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Suppose I have:

class B;
class A{
    private:
        B *b;
    public:
        bar(){ b->foo()};
        foo();
}

class B{
    private:
        A *a;
    public:
        bar(){ a->foo();}
        foo();
}

When compiled this file gives an

error "invalid use of incomplete type struct B",

even after I have forward declared the class B. As far as I understand it is because when I am calling the function foo() on b, the compiler still doesn't know that such a function exists. How can I solve this problem?

share|improve this question

The forward declaration provides no implementation details. B is not known to A, other than the fact that it exists.

To solve this, separate your declaration from the implementation.

You're also missing return types for the methods.

File A.h:

class B;
class A{
    private:
        B *b;
    public:
        void bar();
        void foo();
};

File A.cpp:

#include "A.h"
#include "B.h"
void A::bar(){ 
   b->foo();
}

File B.h:

class A;
class B{
    private:
        A *a;
    public:
        void bar();
        void foo();
};

File B.cpp:

#include "B.h"
#include "A.h"
void B::bar(){ 
   a->foo();
}
share|improve this answer
1  
Note that you don't have to move the function definitions to source files. If you want to keep them inline, then place them in the header file after both class definitions, with an inline qualification. – Mike Seymour Nov 8 '11 at 12:25
    
@MikeSeymour The inline qualification is only a compiler hint. Even placing functions in header files or even in the class definition doesn't force the compiler to inline them. Moreover, compilers can inline functions defined in source files. – Luchian Grigore Nov 8 '11 at 12:27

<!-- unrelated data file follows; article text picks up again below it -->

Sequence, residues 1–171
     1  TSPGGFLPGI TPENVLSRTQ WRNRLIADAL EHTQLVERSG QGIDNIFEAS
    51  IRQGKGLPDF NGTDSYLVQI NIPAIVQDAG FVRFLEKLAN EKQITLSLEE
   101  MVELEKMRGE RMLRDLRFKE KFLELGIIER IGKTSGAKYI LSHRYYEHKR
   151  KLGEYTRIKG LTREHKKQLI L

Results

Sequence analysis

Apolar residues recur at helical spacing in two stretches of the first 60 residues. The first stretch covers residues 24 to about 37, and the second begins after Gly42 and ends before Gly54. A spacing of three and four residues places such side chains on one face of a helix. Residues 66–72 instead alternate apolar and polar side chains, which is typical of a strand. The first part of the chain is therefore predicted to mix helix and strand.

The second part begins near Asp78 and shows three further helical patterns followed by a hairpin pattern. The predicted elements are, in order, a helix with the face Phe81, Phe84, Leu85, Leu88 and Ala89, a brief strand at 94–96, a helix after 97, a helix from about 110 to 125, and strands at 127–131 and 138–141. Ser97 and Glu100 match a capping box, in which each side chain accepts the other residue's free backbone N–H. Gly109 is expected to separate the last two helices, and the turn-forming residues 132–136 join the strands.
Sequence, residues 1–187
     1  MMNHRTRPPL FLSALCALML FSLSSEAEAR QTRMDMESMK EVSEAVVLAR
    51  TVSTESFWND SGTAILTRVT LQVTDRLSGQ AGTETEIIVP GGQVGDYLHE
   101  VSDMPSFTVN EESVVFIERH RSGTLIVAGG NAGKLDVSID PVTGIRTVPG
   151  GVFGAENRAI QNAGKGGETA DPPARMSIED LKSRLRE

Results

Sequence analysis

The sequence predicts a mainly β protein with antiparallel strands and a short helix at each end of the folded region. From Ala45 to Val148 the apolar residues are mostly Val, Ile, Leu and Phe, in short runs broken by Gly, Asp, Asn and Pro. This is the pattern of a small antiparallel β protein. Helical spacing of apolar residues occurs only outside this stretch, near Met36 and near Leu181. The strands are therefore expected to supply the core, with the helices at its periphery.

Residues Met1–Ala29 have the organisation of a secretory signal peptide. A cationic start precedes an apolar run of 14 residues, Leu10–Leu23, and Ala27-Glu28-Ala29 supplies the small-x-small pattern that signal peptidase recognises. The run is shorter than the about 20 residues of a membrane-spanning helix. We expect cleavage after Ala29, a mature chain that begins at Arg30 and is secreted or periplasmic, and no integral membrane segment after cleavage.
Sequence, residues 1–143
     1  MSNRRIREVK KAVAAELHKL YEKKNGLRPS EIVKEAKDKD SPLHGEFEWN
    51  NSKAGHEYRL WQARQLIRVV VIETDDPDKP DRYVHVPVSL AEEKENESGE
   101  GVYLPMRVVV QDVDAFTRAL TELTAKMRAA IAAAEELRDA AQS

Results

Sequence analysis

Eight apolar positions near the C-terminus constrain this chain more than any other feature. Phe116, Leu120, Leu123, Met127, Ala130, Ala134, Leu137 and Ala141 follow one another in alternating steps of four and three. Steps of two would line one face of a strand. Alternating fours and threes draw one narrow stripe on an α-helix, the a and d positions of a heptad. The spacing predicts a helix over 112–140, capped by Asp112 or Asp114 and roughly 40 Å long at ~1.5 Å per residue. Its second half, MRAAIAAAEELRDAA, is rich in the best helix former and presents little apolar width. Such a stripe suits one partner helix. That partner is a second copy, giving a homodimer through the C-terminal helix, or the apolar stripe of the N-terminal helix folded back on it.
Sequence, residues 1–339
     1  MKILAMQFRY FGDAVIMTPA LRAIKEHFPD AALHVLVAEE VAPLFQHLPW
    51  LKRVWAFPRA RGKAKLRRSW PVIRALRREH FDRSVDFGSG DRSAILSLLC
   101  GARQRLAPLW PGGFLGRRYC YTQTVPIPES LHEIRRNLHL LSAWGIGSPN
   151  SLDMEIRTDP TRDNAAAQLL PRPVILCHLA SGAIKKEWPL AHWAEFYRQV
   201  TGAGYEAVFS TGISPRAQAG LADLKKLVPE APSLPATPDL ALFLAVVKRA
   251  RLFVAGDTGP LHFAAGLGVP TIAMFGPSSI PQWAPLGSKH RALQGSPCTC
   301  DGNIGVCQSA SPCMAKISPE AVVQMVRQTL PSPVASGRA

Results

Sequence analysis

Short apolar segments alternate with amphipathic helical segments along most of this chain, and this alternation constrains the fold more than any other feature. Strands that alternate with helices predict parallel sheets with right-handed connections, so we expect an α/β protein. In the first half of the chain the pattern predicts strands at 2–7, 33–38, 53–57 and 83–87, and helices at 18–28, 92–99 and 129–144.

It may only be a "hint", but just about any compiler will inline a very small function like this if it can, as doing so will improve both speed and code size. Some compilers can inline functions between translation units, but many can't - if you care about performance and portability, then it's a good idea to define simple functions inline in header files when you can. – Mike Seymour Nov 8 '11 at 12:33
    
Inlining does improve speed, but I don't see how it can possibly improve code size... You should leave optimizations to the compiler. – Luchian Grigore Nov 8 '11 at 12:36
    
It can improve code size by not generating the code necessary for a function call, and (if possible) not generating the inlined functions themselves. I agree that you should (usually) leave optimisations to the compiler; I do not agree with your suggestion here that you should deliberately prevent some compilers from optimising, unless there is a particular reason to prefer non-inline definitions. – Mike Seymour Nov 8 '11 at 12:40

Put the implementation in a source file instead of in the header.

share|improve this answer

The error is because you try to use a method from B in A::bar. While class B has been declared, it has not been defined.

Like the others say, you should separate the definition and the implementation, and it will work.

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